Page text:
comScore

Review: In 'Yesterday,' 2 boring people find love in a Beatles-less world

Universal Pictures

Universal Pictures

Ever hate a movie for a totally different reason than you expected?

The premise of Danny Boyle’s Yesterday—what if you were the only person in the world who remembered the Beatles’ music?—sounded like a setup for disappointment. Would Richard Curtis’ script ingeniously explore what sort of butterfly effect the Beatles’ non-existence might have? Would it address the possibility that as great as Lennon-McCartney were as songwriters, their music might not feel quite as magical outside of their historical context? Nah on both counts, of course.

What I didn’t expect, though, was to be distracted from my annoyance with the film’s goofy high concept by how ineptly Yesterday would function as a romcom. Curtis is the guy responsible for Love, Actually, so you’d think he’d know how a movie like this is supposed to work. But the romantic plot lurches and staggers, tossing arbitrary roadblocks between the would-be lovers to keep them apart until the movie’s ready for them to be together.

The happily-ever-after-ers in question are Jack Patel (Himesh Patel), a singer-songwriter of no special talent, and his friend, manager, and biggest fan Ellie Appleton (an unconvincingly frumped down Lily James—it was so much easier to pretend pretty women weren’t attractive back before glasses became sexy). Ellie’s been schlepping gear from one coffeehouse gig to the next all these years because she’s in love with Jack, but somehow that possibility has never occurred to him—a fact that seems more fantastical than the Beatles’ music suddenly vanishing from public memory.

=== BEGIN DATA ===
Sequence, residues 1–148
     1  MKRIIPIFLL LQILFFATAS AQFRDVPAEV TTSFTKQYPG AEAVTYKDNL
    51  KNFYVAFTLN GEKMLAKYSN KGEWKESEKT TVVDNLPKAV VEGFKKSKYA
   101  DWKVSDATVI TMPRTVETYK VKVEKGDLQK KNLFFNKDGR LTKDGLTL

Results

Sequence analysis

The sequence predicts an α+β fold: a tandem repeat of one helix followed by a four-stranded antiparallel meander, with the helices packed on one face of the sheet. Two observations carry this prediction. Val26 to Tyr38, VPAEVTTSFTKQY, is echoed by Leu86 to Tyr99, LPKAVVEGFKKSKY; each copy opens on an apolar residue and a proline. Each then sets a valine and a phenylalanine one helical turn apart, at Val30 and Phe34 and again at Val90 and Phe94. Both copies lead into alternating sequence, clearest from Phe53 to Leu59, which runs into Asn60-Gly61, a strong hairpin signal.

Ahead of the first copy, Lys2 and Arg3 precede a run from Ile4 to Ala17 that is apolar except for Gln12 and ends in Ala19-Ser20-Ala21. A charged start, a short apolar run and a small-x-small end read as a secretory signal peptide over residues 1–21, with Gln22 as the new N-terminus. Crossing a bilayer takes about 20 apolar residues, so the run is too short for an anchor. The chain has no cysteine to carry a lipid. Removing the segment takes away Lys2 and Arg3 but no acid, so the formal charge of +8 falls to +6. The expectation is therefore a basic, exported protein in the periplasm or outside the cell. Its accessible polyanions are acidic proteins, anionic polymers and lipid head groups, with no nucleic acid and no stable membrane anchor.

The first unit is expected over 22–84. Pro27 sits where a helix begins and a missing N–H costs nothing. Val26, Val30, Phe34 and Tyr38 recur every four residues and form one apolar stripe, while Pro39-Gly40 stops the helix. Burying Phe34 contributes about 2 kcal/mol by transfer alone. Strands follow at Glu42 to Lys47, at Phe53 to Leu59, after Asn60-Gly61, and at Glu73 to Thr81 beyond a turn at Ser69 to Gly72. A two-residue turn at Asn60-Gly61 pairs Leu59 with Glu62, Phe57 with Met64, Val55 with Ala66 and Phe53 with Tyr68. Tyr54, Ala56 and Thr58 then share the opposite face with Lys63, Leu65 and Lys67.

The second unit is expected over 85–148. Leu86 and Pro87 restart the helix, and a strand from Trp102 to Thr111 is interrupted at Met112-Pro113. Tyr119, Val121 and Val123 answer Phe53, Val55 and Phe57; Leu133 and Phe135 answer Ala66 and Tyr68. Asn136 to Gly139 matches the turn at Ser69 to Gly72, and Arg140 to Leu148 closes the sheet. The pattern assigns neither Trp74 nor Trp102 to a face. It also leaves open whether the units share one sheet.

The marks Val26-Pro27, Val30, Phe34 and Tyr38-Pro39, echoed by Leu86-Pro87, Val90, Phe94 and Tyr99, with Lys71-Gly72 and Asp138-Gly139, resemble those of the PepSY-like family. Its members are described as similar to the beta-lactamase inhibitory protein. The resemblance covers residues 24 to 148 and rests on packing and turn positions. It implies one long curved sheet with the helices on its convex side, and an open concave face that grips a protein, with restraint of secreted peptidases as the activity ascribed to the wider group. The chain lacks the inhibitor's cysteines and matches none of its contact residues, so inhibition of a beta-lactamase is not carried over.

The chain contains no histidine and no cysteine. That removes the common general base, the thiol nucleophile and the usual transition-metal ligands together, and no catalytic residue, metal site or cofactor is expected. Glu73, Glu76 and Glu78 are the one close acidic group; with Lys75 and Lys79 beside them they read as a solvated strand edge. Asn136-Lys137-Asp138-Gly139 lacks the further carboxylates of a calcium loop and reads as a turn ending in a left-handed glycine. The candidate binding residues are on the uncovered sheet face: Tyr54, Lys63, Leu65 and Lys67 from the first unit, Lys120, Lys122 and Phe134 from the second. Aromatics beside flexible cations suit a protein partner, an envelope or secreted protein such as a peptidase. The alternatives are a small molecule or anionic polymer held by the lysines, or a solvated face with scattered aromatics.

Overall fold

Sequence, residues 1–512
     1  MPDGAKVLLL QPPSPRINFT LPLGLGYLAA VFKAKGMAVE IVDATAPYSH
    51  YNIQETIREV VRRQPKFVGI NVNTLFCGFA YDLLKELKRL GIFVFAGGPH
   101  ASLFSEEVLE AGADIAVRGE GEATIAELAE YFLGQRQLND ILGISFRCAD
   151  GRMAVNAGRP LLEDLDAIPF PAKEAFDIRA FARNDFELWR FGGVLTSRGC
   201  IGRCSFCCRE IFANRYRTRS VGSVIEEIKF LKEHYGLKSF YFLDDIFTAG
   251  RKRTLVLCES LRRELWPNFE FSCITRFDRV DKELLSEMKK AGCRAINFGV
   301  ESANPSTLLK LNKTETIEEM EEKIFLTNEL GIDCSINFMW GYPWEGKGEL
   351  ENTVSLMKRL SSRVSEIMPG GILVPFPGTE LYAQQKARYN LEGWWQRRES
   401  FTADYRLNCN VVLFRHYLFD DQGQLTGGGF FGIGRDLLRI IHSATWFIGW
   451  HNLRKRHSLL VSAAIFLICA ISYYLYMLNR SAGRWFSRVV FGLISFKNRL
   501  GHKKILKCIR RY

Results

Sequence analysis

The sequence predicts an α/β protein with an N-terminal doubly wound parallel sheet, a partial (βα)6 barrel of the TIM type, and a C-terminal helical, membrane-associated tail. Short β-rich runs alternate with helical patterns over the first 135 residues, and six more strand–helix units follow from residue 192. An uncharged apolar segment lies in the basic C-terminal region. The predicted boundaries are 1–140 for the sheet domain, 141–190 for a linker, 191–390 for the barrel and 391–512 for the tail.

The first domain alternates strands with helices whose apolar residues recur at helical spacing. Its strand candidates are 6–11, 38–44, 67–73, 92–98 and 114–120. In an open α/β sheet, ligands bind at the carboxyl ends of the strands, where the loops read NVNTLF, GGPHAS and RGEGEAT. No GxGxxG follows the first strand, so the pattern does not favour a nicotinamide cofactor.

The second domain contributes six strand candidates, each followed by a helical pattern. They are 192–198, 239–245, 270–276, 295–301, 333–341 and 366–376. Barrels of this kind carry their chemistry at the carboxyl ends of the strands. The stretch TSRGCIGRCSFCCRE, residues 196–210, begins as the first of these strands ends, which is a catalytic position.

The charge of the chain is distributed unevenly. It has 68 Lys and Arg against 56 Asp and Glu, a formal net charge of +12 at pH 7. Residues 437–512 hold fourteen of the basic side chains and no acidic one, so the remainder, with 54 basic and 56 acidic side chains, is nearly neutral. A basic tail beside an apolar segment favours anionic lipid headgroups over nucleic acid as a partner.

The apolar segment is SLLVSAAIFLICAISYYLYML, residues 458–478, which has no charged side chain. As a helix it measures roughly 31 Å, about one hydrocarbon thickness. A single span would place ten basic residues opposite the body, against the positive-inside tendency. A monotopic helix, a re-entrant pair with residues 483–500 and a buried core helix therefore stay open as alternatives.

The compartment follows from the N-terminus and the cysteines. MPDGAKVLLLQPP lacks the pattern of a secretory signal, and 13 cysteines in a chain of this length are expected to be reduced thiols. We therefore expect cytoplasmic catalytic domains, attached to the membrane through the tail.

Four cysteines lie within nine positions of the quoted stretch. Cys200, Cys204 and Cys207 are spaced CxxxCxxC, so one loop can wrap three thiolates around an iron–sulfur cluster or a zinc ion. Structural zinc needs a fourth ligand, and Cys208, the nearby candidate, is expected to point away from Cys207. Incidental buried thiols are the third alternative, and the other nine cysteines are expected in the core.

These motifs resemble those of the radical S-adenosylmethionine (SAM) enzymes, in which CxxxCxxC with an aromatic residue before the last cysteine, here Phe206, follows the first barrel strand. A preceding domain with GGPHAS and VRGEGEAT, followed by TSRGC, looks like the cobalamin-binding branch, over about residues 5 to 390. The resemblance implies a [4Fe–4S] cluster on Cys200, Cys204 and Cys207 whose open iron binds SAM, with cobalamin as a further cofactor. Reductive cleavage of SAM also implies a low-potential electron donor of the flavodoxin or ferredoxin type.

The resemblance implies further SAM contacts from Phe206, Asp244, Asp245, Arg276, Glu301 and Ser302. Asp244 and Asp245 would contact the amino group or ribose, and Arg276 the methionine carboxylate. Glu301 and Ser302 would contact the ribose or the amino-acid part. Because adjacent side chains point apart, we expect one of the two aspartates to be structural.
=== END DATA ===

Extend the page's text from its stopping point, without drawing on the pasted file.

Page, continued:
While Jack’s biking home from a gig one night, the electricity fails worldwide for 12 seconds and a bus wallops him. After his recovery, he plays “Yesterday” for his pals, and he’s stunned that they’ve never heard it. After a quick Google reveals that he’s indeed in a Beatle-less world, Jack decides to pass off the Beatles’ songs as his own (despite some misgivings), and eventually he’s touring with Ed Sheeran.

As the stress of the deceit gnaws at Jack, the movie races into a minefield of unfortunate scenes in which he learns the importance of Being True to Himself and, of course, LOVE. Along the way there’s a dollop of Beatley fan service (including the obligatory trip to Liverpool) as the songs become plot points and setups for punchlines. The movie’s idea of big laugh is a character telling Ed Sheeran, “You look like Ed Sheeran” and Ed Sheeran responding, “I am Ed Sheeran.”

Sheeran plays himself (doesn’t he always?) and does so likably enough, which is more than can be said for most of the supporting cast. Joel Fry is a bumbling drunk/stoner of a comic sidekick who’s given no decent jokes, and as Jack’s greedy manager, Kate McKinnon isn’t so much playing a role as doing an extended bit.

Ultimately, Yesterday seems to exist solely to remind us that the Beatles were great and falling in love is wonderful, two bits of conventional wisdom that seem to be doing just fine without help from Boyle and Curtis. Still, who knows? Maybe Yesterday will encourage Ed Sheeran to take some time off from music and pursue a movie career. Now that would be a happy ending.

Yesterday
Director: Danny Boyle
Starring: Himesh Patel, Lily James, Sophia Di Martino
Rated: PG-13
Theater: Area theaters, now showing